Harry R. Jackson, Jr.
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The violent reaction of a segment of the Muslim world to the words of Pope Benedict XVI’s speech last week is nothing but appalling. After reading the speech in its entirety, I was shocked that it has led to at least seven church burnings in Palestine and the murder of a nun in Somalia. Ironically, the Pope’s speech was a call for dialogue and reasoning between Christianity and Islam. The violence is patently evil and cannot be condoned. Further, only the most disingenuous or naïve person will bring blame upon the Pope for such a vicious response.

A congregational leader recounted a story of a violent Islamic attack on of the pastors of the First Baptist Church of Kaduna, Nigeria. Six years ago, radical Islamists seized the pastor from his church, killed him, butchered his body like an animal, chopped up pews for kindling and burned his body. The Bible was thrown on top of the pyre as a final statement of religious superiority.

Last month, Olaf Wiig and Steve Centanni of Fox News were captured in the Gaza strip. “We were forced to convert to Islam at gunpoint,” Centanni told FOX News. Where will the attacks end? It’s hard to say. The radical Islamists have been engaged in this “war” for at least twenty years.

The kind of violence created by the Pope’s speech is nothing more than a religious, terrorist, bully fest. Its goal is to intimidate our religious leaders and curtail our basic rights – freedom of speech and freedom of religion. As a young kid growing up in a tough neighborhood, I learned that if I gave in to a bully today, he would eventually take my lunch money everyday. But, I could make a much bigger assailant back off, if I put on my game face and refused to be intimidated.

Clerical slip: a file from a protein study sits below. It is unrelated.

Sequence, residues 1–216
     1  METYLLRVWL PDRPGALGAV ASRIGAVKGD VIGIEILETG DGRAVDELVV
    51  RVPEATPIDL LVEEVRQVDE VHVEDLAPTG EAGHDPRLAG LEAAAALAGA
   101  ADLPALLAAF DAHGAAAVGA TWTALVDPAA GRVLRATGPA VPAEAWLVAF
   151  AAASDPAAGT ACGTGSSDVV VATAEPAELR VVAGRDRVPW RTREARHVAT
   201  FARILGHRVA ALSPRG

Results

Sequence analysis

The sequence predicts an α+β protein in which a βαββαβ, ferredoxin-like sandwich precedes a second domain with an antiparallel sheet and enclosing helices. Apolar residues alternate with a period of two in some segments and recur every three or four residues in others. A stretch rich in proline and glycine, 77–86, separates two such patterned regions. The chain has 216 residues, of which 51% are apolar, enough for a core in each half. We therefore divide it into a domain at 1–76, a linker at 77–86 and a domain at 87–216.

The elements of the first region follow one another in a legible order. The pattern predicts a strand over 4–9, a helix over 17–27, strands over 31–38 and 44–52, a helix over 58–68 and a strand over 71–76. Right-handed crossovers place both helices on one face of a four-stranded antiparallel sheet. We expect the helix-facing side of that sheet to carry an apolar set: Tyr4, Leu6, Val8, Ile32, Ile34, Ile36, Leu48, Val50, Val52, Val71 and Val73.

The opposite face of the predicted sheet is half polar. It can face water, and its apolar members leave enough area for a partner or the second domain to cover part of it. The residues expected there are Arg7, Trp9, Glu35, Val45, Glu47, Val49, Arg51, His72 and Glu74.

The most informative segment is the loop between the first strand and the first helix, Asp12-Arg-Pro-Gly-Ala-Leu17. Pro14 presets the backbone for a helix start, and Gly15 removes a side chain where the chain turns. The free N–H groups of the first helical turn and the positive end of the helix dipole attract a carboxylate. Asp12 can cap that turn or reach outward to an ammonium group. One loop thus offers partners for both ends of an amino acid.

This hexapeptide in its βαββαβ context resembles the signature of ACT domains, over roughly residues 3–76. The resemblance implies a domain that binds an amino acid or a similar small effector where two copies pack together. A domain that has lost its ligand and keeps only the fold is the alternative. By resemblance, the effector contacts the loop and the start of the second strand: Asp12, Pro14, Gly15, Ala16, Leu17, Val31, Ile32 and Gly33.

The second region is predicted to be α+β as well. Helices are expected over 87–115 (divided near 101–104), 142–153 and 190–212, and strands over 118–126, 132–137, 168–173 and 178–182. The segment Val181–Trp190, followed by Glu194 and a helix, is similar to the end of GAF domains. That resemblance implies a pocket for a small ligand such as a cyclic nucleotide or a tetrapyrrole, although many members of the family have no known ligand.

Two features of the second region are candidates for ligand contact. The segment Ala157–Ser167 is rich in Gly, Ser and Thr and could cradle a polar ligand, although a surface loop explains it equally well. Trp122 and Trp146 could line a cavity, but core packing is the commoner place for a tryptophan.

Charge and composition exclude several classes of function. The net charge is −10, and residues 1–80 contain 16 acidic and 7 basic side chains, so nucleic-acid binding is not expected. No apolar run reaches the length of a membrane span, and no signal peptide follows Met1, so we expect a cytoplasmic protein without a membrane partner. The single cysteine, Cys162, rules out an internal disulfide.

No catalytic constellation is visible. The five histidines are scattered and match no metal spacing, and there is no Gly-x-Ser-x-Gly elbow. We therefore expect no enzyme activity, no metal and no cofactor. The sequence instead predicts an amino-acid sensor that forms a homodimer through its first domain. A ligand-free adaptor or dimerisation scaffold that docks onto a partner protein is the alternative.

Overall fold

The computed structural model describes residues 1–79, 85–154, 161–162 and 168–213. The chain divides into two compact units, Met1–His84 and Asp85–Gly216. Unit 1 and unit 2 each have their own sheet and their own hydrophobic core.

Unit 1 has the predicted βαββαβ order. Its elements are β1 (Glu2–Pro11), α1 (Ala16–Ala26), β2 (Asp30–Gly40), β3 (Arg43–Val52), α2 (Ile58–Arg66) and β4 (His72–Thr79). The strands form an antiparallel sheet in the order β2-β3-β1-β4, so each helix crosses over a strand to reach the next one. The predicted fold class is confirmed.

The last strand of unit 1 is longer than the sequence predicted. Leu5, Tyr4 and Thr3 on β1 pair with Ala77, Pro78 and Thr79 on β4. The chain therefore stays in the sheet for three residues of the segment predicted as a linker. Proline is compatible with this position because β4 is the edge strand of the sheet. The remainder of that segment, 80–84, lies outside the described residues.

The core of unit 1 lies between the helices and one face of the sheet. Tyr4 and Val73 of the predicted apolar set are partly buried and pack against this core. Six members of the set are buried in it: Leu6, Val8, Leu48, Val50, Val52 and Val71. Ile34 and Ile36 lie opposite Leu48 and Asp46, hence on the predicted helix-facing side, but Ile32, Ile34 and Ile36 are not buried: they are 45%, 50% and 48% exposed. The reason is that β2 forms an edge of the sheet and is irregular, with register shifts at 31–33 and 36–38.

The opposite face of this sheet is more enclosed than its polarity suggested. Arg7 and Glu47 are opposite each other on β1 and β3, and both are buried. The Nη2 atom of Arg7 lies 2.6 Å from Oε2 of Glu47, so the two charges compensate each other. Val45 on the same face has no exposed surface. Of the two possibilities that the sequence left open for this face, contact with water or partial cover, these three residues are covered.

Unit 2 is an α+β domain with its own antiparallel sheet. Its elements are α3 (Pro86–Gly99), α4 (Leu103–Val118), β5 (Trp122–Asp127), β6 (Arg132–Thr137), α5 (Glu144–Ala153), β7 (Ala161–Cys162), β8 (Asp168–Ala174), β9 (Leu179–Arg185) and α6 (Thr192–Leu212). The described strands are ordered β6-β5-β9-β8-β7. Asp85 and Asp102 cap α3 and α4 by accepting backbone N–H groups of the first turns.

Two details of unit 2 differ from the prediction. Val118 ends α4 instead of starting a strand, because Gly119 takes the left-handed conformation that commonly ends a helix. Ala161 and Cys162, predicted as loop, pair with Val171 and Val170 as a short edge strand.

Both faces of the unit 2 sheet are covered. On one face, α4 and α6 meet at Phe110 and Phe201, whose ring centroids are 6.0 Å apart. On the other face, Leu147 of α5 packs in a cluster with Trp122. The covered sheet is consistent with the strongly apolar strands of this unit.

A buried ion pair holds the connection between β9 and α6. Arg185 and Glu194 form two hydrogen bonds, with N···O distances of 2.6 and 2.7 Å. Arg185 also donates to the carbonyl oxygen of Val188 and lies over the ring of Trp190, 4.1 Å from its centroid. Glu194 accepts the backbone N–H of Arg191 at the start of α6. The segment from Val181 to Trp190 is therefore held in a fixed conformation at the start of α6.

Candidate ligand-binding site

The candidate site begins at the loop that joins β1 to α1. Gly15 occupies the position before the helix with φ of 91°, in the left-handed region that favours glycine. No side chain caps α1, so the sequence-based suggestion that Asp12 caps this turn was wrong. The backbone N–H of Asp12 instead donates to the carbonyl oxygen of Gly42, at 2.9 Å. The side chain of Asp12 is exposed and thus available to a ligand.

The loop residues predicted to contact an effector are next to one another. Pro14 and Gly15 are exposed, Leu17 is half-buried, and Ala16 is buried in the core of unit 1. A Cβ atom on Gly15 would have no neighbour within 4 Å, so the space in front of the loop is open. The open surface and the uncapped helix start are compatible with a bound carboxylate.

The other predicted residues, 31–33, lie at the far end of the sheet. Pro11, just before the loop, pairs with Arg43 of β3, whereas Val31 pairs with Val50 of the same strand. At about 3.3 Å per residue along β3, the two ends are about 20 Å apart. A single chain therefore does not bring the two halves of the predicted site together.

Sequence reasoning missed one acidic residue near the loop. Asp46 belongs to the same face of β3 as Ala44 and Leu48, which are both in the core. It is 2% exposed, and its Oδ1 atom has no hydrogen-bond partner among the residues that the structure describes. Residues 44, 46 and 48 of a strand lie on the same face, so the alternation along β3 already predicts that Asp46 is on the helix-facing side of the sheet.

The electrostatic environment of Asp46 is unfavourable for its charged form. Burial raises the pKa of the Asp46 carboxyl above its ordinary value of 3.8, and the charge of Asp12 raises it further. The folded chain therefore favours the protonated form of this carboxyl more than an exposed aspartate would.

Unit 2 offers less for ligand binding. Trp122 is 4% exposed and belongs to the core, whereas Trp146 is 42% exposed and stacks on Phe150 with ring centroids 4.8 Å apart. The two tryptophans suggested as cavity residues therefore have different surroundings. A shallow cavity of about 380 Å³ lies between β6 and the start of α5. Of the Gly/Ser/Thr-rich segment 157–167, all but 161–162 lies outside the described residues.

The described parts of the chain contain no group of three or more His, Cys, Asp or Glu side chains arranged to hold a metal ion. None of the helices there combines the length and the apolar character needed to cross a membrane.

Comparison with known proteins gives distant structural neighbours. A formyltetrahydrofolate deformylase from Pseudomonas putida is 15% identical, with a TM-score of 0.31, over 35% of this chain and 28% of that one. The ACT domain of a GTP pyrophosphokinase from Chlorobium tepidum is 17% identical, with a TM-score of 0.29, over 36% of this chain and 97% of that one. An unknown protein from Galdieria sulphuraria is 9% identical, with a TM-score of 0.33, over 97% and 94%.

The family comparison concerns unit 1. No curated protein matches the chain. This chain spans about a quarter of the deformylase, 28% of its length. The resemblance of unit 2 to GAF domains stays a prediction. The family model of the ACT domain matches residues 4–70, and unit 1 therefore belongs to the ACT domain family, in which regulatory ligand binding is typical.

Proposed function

Similarly, if the Pope backs down, he will inadvertently embolden our opponents. There is no telling how many other religious workers will be silenced, hurt, or martyred around the world. The Pope has got to put on his game face and stay strong. In addition, Christian ministers of every denomination should denounce this kind of violence.

Unfortunately, many Americans think that somehow the U.S. is the ultimate aggressor and that evangelical Christians have egged the Bush administration into an imperialistic, neo-crusade mindset. These non-religious, often anti-faith people want to reject Christianity. Perhaps Ann Coulter is correct in naming these godless people “members of the church of liberalism.”

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Harry R. Jackson, Jr.

Bishop Harry Jackson is chairman of the High Impact Leadership Coalition and senior pastor of Hope Christian Church in Beltsville, MD, and co-authored, Personal Faith, Public Policy [FrontLine; March 2008] with Tony Perkins, president of the Family Research Council.